SSL/TLS: Know the Differences

What is SSL?

SSL stands for Secure Socket Layer. SSL was developed by Netscape in the mid-1990s, as a means to secure the online connection between a client and the server. SSL version 1.0 was never released, and SSL 2.0 and 3.0 were released in 1996 and 2008 respectively. However, SSL has had its flaws and vulnerabilities since the start, and as a result – TLS was released as SSL’s successor.

SSL/TLS Differences

 

 

What is TLS?

TLS stands for Transport Layer Security. TLS was developed as the successor for SSL, providing higher levels of security for client/server communications. TLS effectively replaced SSL in 2015. SSL and TLS work similarly, as they encrypt data sent between the client and the server, to ensure the information isn’t accessible to hackers. TLS is commonly used for instant messaging, VOIP and web browsers.

What are the differences?

While SSL and TLS are often used interchangeably, they are different. Modern internet connections use TLS as a means of secure communication. But are often referred to as “SSL Certificates” due to the fact that SSL is the most commonly known name.

It is also important to remember that while they are different, their premises are the same – establish secure/encrypted communication between client and server, to protect personal information from cybercriminals.

Below is an informative table from Sectigo Store, outlining the differences between SSL and TLS.

SSL

TLS

SSL stands for “Secure Socket Layer.”

TLS stands for “Transport Layer Security.”

Netscape developed the first version of SSL in 1995.

The first version of TLS was developed by the Internet Engineering Taskforce (IETF) in 1999.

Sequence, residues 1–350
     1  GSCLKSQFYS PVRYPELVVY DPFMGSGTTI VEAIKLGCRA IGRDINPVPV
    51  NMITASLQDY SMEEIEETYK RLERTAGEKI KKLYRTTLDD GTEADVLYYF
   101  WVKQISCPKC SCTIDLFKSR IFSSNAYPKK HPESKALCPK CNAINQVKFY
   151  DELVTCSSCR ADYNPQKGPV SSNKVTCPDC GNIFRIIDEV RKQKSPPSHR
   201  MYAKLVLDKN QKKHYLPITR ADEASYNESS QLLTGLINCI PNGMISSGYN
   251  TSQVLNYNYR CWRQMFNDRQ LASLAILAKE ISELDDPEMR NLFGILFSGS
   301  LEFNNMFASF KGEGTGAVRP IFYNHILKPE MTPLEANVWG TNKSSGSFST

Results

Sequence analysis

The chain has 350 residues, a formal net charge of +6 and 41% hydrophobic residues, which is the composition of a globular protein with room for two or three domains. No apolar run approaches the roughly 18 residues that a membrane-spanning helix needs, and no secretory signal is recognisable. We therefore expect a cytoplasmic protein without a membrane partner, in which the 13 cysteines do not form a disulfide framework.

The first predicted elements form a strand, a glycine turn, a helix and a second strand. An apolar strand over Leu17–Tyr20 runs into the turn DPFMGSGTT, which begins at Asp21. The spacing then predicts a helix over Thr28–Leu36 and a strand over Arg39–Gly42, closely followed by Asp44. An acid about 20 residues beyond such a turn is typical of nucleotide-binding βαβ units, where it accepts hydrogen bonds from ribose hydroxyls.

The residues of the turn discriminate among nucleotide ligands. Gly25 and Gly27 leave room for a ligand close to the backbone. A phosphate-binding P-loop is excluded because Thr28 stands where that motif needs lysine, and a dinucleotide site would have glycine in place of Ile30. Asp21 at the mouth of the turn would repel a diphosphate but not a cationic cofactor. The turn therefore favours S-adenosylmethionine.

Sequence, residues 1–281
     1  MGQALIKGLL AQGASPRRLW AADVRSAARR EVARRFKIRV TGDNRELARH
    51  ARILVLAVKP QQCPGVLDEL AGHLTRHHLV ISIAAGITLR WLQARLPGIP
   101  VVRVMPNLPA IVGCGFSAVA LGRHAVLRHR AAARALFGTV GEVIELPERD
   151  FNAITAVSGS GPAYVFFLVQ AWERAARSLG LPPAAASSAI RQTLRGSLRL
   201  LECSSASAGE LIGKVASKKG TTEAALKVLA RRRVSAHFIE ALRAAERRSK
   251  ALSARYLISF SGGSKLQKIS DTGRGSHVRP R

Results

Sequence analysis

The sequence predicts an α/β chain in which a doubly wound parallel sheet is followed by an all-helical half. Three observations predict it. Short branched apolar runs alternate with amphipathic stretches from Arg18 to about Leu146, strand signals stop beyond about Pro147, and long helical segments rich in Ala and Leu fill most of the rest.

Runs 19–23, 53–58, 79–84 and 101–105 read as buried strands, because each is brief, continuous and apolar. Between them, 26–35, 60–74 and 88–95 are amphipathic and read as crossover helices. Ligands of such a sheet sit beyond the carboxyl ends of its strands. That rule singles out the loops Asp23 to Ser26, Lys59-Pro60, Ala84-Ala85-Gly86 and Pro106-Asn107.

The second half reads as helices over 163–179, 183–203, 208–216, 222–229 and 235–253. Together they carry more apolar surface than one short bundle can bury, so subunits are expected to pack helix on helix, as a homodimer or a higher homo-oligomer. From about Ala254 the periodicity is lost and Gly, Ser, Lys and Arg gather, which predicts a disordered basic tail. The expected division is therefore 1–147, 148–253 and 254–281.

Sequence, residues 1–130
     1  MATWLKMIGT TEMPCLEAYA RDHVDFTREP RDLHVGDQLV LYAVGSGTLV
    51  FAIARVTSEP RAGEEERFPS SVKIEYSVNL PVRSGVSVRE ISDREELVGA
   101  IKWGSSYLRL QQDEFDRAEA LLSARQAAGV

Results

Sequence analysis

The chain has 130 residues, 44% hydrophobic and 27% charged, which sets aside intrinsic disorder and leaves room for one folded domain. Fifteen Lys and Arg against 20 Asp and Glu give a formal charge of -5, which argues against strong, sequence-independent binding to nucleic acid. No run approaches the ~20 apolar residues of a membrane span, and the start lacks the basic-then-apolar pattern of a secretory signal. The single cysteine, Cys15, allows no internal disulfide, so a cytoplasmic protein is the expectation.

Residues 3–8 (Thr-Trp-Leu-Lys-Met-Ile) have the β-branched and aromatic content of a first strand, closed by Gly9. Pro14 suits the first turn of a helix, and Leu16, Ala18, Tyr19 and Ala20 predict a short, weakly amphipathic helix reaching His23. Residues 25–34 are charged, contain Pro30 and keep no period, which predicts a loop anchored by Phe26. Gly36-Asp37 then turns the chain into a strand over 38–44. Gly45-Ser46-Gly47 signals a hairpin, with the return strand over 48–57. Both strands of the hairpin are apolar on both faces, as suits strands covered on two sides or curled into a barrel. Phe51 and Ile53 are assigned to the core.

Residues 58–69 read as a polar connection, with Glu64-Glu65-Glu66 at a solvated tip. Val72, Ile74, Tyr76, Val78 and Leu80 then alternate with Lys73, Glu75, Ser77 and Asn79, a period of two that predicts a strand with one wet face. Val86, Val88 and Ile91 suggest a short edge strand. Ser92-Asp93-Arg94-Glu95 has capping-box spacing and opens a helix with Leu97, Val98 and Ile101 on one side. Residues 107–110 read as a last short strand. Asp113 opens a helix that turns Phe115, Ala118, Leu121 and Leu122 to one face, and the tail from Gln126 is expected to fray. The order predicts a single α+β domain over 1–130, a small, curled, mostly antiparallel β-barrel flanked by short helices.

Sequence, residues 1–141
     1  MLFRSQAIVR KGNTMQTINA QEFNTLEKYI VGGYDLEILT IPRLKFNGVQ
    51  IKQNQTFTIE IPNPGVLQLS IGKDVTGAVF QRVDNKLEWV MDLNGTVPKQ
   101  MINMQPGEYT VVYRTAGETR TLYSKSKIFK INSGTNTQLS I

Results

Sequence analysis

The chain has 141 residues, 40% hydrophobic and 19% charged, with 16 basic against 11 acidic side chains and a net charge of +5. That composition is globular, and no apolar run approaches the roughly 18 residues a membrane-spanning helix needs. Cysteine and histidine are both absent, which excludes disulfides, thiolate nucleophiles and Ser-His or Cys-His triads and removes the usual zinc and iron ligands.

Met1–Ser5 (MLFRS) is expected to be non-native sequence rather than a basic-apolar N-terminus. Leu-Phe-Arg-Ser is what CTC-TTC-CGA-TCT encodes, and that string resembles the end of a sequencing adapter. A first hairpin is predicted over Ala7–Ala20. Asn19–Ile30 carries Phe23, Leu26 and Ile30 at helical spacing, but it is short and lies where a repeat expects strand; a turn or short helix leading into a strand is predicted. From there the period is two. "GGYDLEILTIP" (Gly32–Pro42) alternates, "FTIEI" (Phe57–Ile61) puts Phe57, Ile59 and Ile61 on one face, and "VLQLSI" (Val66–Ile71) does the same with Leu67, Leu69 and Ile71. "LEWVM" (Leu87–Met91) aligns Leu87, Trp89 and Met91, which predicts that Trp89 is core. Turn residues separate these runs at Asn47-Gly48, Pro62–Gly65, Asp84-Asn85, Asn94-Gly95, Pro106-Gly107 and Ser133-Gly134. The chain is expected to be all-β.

SSL is a cryptographic protocol that uses explicit connections to establish secure communication between web server and client.

TLS is also a cryptographic protocol that provides secure communication between web server and client via implicit connections. It’s the successor of SSL protocol.

Three versions of SSL have been released: SSL 1.0, 2.0, and 3.0.

Four versions of TLS have been released: TLS 1.0, 1.1, 1.2, and 1.3.

All versions of SSL have been found vulnerable, and they all have been deprecated.

TLS 1.0 and 1.1 have been “broken” and are deprecated as of March 2020. TLS 1.2 is the most widely deployed protocol version.

Why do you need an SSL or TLS certificate?

If you are a business with an online presence (website, e-commerce, etc) it is vital to have an SSL/TLS certificate. This is because users are more likely to trust your website, interact with it, and provide personal information if they know that the information is protected. SSL/TLS certificates also help in confirming the validity of the website they are visiting.

It is also important to note that it doesn’t matter whether it’s an “SSL” or “TLS” certificate, as the certificate itself isn’t what offers the protection. Instead, it’s the actual protocol used by the server – which is currently TLS protocol, across the board.

 

The below image from DigiCert shows some common use cases and recommended certificate types.

Conclusion

SSL and TLS are terms used interchangeably, as security and encryption methods used online, to protect information between users and websites. They are essentially the same thing, however, TLS offers more protection and is currently the most widely used protocol for online communications and transactions.

In order for your business’s website to be trusted by the public, it is important to have an in-tact SSL/TLS certificate, to ensure your visitors that your website is safe, and they can browse or transact safely.

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